Merry Christmas to Peter Wilson. When it was suggested that Peter Wilson should be independent of the old board so that we can have a fresh start Peter responded with "That's your issue". Summary of the meeting here: viewtopic.php?f=23&t=594
A good summary of where we are up to by Joe Aston of the AFR, linked to from here: viewtopic.php?f=5&p=4137#p4137
If you are new to this website read the story so far: viewtopic.php?t=321#p1793
Check out some of the AFR articles, too many to list and check out some of the ABC reports: http://www.afr.com/business/accounting/ ... 215-h055ej http://www.afr.com/business/accounting/ ... 211-h02x1d http://www.abc.net.au/news/programs/the ... s,/8626662
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CPA director Caroline Spencer appointed WA Auditor General

Let's look in detail at our directors individually so the term 'the board' does not minimise their individual responsibility for decisions made and oversight in relation to many of these issues.
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JWheldon
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CPA director Caroline Spencer appointed WA Auditor General

Post by JWheldon » Sat Apr 14, 2018 12:18 am

Does this appointment raise questions of conflict of interest and should Ms Spencer resign from CPA Australia once she takes up her appointment of WA Auditor General and from her business?

With reference to WA Auditor General Act 2006 Schedule 1 - General provisions as to Auditor General on page 32 of the attached.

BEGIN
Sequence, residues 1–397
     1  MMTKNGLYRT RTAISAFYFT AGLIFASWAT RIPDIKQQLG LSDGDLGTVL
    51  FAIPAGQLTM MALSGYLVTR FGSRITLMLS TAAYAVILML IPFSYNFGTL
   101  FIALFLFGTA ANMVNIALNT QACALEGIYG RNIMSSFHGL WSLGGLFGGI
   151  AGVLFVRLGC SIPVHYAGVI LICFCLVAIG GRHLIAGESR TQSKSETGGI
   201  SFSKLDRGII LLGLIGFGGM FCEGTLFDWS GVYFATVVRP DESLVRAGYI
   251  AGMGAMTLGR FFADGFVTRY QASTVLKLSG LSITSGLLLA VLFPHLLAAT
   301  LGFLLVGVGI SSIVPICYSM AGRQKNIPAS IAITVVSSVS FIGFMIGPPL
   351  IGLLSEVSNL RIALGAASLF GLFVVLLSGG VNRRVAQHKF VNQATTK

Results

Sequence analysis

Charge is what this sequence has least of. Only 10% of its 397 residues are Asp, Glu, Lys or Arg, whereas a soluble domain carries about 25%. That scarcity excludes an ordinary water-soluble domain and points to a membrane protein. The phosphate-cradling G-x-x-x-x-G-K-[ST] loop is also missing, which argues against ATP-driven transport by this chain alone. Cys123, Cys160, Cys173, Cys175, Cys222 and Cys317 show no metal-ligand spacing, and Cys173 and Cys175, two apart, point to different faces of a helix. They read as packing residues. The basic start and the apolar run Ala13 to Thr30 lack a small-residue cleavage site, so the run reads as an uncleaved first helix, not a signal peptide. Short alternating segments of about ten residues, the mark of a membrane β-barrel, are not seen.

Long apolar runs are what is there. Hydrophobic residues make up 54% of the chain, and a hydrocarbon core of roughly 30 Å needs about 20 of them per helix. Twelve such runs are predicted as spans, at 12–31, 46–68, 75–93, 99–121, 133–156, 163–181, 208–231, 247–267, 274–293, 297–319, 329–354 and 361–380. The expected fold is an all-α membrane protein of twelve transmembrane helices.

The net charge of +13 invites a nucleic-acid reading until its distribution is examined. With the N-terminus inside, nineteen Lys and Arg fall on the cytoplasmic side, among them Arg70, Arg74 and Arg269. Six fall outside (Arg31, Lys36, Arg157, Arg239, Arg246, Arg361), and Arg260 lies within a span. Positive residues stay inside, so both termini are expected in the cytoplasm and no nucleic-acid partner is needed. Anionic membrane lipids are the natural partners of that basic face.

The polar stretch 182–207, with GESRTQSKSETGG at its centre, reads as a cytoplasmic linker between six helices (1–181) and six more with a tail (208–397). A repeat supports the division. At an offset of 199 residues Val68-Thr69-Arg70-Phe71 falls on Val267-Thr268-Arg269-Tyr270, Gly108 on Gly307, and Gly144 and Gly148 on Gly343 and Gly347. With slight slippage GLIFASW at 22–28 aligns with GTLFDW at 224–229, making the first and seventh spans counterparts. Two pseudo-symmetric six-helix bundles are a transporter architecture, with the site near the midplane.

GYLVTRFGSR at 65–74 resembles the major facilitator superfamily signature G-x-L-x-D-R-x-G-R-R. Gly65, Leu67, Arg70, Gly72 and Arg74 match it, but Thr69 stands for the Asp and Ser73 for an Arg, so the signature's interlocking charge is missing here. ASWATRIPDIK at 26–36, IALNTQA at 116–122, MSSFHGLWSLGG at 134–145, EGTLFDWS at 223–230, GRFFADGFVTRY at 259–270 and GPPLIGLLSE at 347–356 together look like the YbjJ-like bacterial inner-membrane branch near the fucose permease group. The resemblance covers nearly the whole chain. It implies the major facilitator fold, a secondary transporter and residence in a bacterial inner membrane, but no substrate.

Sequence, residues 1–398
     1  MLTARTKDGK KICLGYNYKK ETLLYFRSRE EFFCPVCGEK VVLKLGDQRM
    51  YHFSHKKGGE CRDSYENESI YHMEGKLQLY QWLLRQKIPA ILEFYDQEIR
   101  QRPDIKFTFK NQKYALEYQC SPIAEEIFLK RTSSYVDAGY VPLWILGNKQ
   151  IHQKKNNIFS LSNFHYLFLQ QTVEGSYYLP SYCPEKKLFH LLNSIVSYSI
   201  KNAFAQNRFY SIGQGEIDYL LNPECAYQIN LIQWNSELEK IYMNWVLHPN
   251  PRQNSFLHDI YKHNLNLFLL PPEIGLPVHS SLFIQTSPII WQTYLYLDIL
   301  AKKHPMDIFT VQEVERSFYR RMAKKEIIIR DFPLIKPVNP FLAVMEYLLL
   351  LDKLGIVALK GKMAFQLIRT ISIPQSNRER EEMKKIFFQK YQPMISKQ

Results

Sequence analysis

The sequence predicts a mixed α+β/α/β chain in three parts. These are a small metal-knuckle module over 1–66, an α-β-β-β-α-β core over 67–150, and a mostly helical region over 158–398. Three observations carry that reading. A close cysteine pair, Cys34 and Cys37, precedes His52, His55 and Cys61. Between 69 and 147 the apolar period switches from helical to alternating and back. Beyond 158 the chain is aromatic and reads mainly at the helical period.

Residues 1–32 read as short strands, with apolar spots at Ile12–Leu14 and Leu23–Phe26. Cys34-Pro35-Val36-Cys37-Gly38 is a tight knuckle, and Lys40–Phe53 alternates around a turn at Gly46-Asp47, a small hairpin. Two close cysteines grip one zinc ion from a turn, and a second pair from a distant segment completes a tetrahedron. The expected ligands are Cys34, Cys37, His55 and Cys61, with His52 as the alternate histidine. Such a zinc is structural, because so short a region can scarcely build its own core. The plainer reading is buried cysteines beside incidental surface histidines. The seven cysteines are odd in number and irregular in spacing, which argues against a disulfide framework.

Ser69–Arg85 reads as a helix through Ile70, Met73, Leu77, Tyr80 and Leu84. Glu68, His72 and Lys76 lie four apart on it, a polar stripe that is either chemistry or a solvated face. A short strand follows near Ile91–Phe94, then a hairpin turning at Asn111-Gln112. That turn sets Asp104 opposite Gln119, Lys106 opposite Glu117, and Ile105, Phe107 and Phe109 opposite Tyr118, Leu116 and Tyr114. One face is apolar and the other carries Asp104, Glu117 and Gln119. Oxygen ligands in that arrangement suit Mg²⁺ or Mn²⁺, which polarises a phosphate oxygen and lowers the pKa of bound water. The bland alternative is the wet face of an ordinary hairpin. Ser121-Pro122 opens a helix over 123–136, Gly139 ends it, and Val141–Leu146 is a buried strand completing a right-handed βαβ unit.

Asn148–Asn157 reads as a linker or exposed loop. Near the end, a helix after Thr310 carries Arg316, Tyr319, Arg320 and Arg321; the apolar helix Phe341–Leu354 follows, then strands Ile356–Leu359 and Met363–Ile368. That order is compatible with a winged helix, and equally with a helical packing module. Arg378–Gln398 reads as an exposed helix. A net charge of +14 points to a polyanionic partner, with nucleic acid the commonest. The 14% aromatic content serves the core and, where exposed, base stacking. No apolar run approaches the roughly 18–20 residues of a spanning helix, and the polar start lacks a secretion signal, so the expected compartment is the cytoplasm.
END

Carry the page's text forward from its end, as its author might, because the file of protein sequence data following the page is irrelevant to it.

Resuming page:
3. Other employment
The Auditor General must not, except so far as authorised so to do by another enactment or by resolutions of both Houses of Parliament —
(a) hold any office or place referred to in the Constitution Acts Amendment Act 1899 Schedule V Part 1 or 2 (other than the office of Auditor General) or be a member of, or of the governing body of, any commission, council, board, committee, authority, trust or other body referred to in Part 3 of that Schedule; or
(b) engage in any paid employment outside the duties of the office of Auditor General.




https://www.medianet.com.au/releases/155926/

CPA Australia Director Appointed WA Auditor General

CPA Australia President and Chairman, Peter Wilson AM FCPA today congratulated Caroline Spencer FCPA on her appointment as Western Australia’s next Auditor General.

Ms Spencer’s appointment will take effect from 28 May 2018. Ms Spencer will remain a director on CPA Australia’s Board.

Ms Spencer takes over from Mr Colin Murphy FCPA, also a distinguished CPA Australia member.

“We would like to warmly congratulate Caroline on her appointment,” Mr Wilson said.

Ms Spencer has been in public practice for over 20 years, during the last 10 years of which she specialised in public sector audit and governance through the firm she co-founded, Vista Advisory.




https://audit.wa.gov.au/

Ms [external link] Caroline Spencer has been announced as the next Auditor General for Western Australia.

Following 10+ years in the role, the current Auditor General, Mr Colin Murphy, will officially hand over to Ms Spencer on 28 May 2018.
Attachments
Auditor General Act 2006 - [00-e0-07].pdf
(424.98 KiB) Downloaded 17 times
Last edited by JWheldon on Thu May 03, 2018 9:40 pm, edited 1 time in total.

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Re: CPA director Caroline Spencer appointed WA Auditor General

Post by nakedadmin » Sat Apr 14, 2018 5:15 pm

Well that seems pretty clear. She's got to resign. Unless she is going to volunteer. How could they overlook this?
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Re: CPA director Caroline Spencer appointed WA Auditor General

Post by fidgetspinner » Sat Apr 14, 2018 6:51 pm

You would hope that CPA and the WA Govt had considered this and taken legal advice before CPA announced she would stay on with the board.